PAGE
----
In 1903, Charles Pope wrote Solar Heat. “The purpose of this book,” the author stated, was that “some call to the people was needed…to arouse interest [in] ‘catching the sunbeams’ and extracting gold from them.” To accomplish his goal, he tells his reader that he had endeavored “to trace the history of attempts and successes in the utilization of solar…discuss ways and means; and attempt to arouse his readers to give to the matter their energy and invention, their brain and capital; that we may very soon see solar enginery take its place by the side of steam enginery and electrical enginery and gas enginery in the public estimation.”
Despite the vintage of Pope’s book, many still believe that solar energy is a late twentieth-century phenomenon. Hopefully, Let It Shine will change this misconception. Let It Shine shows, for example, that six thousand years ago the stone-age Chinese built their homes so every one of them made maximum use of the sun’s energy in winter. So begins the story of the genesis of solar energy told in Let it Shine, the world’s first and only comprehensive history of humanity’s use of the sun. Page after page the story brings to light information never before unearthed. 2,500 years ago, for example, the sun heated every house in most Greek cities. Years later ancient Roman architects published solar self-help books to show people how to save on fuel as firewood became scarce, and fleets scoured the known world for much needed supplies.
During the renaissance Galileo and his contemporaries planned the construction of sun-focusing mirrors to serve as the West’s ultimate weapon against its Islamic enemies. Leonardo da Vinci entertained more peaceful applications. He aimed at making his fortune by building mirrors a mile in diameter to heat water for the Florentine woolen industry.
Much later, during the industrial revolution, engineers devised solar-run steam engines to save Europe from paralysis should it run out of fossil fuels. As electricity began to power cities, the first photovoltaic modules joined the grid on a New York City rooftop in 1884. More than one hundred years earlier, a Swiss polymath modeled global warming by trapping solar heat in a glass-covered box just as carbon dioxide holds in solar heat above the earth. Using the same type of glass-covered box to harvest solar energy, enterprising businessmen established a thriving solar water industry in California at the beginning of the 1880s!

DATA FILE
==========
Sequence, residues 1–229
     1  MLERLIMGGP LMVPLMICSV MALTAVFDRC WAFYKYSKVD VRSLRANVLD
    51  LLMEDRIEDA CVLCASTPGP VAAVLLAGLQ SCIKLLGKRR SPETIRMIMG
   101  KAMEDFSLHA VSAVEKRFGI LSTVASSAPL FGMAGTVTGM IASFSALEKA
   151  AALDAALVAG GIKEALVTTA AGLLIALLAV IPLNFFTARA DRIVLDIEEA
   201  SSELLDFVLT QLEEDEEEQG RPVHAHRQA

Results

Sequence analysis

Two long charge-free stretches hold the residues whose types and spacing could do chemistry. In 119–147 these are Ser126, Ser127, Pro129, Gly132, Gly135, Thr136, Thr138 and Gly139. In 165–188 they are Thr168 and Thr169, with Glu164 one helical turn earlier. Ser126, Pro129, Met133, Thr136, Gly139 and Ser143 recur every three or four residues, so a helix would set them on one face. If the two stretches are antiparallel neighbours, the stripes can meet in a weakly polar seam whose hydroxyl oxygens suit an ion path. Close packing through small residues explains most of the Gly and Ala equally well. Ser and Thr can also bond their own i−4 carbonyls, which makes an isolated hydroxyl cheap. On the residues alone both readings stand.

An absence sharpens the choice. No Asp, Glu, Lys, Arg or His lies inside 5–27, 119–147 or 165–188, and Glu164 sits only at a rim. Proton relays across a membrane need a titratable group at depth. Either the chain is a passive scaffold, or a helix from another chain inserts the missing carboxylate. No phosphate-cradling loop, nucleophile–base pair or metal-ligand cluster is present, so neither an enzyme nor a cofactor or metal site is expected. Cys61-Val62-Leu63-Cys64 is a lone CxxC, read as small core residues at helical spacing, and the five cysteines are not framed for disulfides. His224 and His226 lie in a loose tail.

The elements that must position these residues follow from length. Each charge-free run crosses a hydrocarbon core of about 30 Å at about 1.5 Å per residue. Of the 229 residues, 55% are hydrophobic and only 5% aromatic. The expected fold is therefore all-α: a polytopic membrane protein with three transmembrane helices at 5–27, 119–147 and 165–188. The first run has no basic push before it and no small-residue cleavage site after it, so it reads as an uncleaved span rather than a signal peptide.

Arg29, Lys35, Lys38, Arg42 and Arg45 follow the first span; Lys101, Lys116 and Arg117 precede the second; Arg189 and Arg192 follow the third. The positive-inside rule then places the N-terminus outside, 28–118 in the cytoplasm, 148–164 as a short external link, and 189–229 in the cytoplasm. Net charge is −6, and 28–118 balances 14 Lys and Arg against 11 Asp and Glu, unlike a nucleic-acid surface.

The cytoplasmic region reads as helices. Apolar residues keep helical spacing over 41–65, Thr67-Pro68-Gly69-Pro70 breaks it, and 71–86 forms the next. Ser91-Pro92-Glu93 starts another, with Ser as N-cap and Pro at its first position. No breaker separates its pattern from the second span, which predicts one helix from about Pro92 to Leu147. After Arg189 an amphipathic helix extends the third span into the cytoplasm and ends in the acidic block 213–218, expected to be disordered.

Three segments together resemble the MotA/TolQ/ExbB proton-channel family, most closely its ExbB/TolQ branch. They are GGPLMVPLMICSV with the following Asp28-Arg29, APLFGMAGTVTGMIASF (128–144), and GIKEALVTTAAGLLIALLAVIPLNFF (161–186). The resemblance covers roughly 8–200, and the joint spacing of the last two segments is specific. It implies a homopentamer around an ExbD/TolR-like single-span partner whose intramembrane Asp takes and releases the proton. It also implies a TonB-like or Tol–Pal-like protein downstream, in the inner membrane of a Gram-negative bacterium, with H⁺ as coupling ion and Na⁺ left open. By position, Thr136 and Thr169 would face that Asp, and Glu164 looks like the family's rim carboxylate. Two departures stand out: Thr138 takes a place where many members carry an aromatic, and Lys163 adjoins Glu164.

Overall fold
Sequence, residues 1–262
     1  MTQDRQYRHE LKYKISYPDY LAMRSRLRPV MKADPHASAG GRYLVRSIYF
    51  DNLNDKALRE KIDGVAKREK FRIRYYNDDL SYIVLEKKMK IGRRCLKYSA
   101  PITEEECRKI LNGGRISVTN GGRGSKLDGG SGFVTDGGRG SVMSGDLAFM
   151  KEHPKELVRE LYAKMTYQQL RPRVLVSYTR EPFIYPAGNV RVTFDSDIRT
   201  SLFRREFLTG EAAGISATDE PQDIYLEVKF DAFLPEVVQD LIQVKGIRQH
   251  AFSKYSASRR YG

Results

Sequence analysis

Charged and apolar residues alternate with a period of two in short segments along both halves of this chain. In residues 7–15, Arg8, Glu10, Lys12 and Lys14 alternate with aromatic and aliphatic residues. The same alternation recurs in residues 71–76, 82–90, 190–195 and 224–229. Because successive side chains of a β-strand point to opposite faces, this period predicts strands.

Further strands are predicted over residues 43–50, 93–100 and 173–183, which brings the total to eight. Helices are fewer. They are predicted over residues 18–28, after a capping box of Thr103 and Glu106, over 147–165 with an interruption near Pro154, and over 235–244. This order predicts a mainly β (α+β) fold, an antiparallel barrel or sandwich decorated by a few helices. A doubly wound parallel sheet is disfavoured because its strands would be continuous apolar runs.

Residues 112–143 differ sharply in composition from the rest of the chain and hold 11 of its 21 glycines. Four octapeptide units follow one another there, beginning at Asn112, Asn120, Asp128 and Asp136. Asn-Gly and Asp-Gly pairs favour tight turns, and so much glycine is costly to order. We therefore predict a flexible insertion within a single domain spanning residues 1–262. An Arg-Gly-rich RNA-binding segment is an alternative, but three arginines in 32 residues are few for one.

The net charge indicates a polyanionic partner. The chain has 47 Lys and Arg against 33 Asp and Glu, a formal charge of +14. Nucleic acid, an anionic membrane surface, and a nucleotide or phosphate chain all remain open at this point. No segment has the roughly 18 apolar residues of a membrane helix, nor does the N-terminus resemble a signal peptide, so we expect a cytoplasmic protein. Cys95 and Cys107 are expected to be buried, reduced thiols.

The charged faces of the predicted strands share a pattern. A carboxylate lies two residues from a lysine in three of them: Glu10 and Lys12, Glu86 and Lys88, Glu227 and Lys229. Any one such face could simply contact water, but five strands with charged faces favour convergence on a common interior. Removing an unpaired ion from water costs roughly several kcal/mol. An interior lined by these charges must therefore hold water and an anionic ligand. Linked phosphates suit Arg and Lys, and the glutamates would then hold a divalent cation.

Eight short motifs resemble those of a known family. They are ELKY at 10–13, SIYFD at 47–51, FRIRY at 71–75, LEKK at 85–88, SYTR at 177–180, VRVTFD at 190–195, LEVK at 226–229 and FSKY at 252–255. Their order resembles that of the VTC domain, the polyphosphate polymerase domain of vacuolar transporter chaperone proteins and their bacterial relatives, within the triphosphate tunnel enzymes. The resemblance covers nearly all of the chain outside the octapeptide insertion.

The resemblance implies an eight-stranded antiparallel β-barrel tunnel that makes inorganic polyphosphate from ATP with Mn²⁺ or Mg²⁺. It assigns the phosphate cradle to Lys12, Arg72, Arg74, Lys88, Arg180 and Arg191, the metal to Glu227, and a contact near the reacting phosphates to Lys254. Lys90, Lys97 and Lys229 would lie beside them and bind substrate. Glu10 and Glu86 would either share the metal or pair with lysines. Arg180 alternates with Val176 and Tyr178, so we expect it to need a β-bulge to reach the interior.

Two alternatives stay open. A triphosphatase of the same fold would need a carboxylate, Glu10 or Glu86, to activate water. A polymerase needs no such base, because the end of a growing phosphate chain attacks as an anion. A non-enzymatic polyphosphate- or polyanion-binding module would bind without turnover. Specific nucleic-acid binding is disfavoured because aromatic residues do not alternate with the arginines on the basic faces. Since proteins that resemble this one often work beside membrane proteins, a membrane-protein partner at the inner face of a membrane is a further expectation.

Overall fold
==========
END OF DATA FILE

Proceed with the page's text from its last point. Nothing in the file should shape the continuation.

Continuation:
Let it Shine brings to light newly discovered documents suppressed by the Nixon, Carter and Reagan Administrations, that if known at the time by the public and the Congress, solar energy would have definitely played a larger role in the American energy scene during the last forty years.
Let it Shine presents the step-by-step development of solar architecture and technology and pertinent energy policies. By providing the background for today’s vibrant solar industry, a deeper understanding emerges of how solar energy applications have evolved and performed and their promise for today’s world.
The book is not merely a technological treatise though. It highlights the context in which these developments have occurred and the people who have made the solar revolution possible, revealing a whole new group of unknown technological pioneers, as well as people famous for other accomplishments never before known for their work as the solar advocates and technologists they were. Who would think Socrates as a solar promoter? Yet in a work by his admirer Xenophon, Socrates presents the basic plans for designing a solar house. Vitruvius, a Roman famous to this day as the architect of architects, transmitted the wisdom of the Greeks on building with the sun.
Did you know that the first aspiring solar entrepreneur was Leonardo da Vinci? Einstein’s famous treatise on Light Quanta, which won him the Nobel Prize, definitely qualifies the great scientist to be regarded as the father of modern photovoltaics. Then there are the forgotten ones like Gustav Vorherr, who opened up the first school of solar architecture during the 1820s in Munich and his mentor, Dr. Bernhard Christoph Faust, the first person to write a complete book on a solar topic. Thousands of newly trained solar architects trained in the work of Faust fanned out to build solar homes throughout Europe. Sympathetic despots of Bavaria and Prussia required their subjects to build following the teachings of these men, resulting in many solar structures going up in Europe during the first half of the nineteenth century. The climax of their work was the transformation of an urban area in Switzerland becoming the first modern Sun City. And who has heard of Williams Grylls Adams and Richard Evans Day, discoverers in 1876 of photovoltaics, or Charles Fritts, who put up the first roof-top solar array on a New York building in the 1880s?
These are but a sampling of what’s to be found in the pages of Let it Shine.
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